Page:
Genome assemblies across all domains of life are being produced routinely. Initial analysis of a new genome usually includes annotation and comparative genomics. Synteny provides a framework in which conservation of homologous genes and gene order is identified between genomes of different species. The availability of human and mouse genomes paved the way for algorithm development in large-scale synteny mapping, which eventually became an integral part of comparative genomics. Synteny analysis is regularly performed on assembled sequences that are fragmented, neglecting the fact that most methods were developed using complete genomes. It is unknown to what extent draft assemblies lead to errors in such analysis.We fragmented genome assemblies of model nematodes to various extents and conducted synteny identification and downstream analysis. We first show that synteny between species can be underestimated up to 40% and find disagreements between popular tools that infer synteny blocks. This inconsistency and further demonstration of erroneous gene ontology enrichment tests raise questions about the robustness of previous synteny analysis when gold standard genome sequences remain limited. In addition, assembly scaffolding using a reference guided approach with a closely related species may result in chimeric scaffolds with inflated assembly metrics if a true evolutionary relationship was overlooked. Annotation quality, however, has minimal effect on synteny if the assembled genome is highly contiguous.Our results show that a minimum N50 of 1 Mb is required for robust downstream synteny analysis, which emphasizes the importance of gold standard genomes to the science community, and should be achieved given the current progress in sequencing technology.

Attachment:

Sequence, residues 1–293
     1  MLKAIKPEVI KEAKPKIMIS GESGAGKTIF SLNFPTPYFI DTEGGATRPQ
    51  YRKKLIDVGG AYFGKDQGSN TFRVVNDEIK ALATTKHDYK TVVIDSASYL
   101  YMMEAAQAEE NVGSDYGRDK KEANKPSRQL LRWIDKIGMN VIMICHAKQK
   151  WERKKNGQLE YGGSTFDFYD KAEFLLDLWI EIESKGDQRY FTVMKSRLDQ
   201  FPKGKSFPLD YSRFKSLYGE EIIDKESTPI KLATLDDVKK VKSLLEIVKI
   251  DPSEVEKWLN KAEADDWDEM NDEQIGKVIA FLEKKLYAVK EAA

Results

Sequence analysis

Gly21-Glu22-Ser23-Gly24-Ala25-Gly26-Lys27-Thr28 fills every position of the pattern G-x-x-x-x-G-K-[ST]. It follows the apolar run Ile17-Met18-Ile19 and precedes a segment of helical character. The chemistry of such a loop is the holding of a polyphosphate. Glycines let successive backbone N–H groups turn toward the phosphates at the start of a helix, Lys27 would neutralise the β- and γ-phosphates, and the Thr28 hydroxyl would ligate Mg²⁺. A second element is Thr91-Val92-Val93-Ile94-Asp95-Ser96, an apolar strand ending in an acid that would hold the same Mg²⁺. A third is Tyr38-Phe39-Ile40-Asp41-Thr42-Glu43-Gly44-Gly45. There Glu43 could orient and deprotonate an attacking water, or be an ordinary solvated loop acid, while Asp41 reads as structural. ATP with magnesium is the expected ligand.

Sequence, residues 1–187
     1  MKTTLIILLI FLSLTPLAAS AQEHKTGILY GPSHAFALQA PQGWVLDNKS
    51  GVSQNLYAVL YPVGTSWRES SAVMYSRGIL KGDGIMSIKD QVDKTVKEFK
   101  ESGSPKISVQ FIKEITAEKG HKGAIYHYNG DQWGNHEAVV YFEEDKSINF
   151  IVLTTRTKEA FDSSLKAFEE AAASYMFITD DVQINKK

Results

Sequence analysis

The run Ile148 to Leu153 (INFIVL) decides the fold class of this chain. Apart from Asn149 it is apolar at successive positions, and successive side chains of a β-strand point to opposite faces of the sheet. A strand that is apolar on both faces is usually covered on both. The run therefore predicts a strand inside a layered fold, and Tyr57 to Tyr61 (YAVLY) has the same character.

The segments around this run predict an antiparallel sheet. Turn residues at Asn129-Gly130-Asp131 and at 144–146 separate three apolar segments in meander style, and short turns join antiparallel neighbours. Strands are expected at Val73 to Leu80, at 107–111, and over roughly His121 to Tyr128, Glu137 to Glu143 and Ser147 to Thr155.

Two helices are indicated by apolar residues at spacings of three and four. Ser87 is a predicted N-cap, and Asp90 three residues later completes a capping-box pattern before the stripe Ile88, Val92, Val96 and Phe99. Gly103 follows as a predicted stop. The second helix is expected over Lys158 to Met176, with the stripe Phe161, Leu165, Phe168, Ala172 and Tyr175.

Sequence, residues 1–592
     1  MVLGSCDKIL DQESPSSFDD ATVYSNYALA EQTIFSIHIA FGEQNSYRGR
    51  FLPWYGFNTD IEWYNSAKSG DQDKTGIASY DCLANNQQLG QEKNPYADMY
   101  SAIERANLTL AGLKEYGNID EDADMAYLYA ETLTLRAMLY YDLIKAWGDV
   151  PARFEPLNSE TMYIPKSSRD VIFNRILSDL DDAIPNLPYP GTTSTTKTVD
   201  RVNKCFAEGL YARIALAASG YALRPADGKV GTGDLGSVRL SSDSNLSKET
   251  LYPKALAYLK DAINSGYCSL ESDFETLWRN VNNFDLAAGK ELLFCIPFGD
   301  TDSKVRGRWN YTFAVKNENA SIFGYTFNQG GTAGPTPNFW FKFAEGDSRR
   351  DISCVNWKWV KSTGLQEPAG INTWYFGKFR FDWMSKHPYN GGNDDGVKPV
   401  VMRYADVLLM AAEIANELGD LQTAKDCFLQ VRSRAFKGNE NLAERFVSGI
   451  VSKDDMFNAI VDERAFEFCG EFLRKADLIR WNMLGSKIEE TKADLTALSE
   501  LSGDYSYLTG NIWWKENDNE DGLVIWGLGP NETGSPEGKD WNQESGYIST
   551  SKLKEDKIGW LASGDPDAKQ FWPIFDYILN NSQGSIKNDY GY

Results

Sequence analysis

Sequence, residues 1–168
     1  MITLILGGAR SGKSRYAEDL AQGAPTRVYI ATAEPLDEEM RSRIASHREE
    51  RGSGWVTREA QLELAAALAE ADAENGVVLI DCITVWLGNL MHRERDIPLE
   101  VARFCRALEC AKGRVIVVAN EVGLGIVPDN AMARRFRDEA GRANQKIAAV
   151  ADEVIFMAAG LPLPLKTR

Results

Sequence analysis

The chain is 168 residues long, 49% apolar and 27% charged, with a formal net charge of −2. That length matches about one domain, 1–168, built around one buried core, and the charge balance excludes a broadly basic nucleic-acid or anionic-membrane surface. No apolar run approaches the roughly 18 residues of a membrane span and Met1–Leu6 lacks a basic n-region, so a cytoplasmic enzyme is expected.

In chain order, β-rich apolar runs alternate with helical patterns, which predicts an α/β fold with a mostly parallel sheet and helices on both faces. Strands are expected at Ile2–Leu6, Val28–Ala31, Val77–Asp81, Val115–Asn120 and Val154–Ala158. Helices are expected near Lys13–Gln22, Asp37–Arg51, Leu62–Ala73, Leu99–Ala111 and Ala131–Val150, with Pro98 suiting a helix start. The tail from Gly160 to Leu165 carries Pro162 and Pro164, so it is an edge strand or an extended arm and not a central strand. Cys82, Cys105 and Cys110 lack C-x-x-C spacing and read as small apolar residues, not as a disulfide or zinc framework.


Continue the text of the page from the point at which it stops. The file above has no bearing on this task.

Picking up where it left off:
Journal: BMC bioinformatics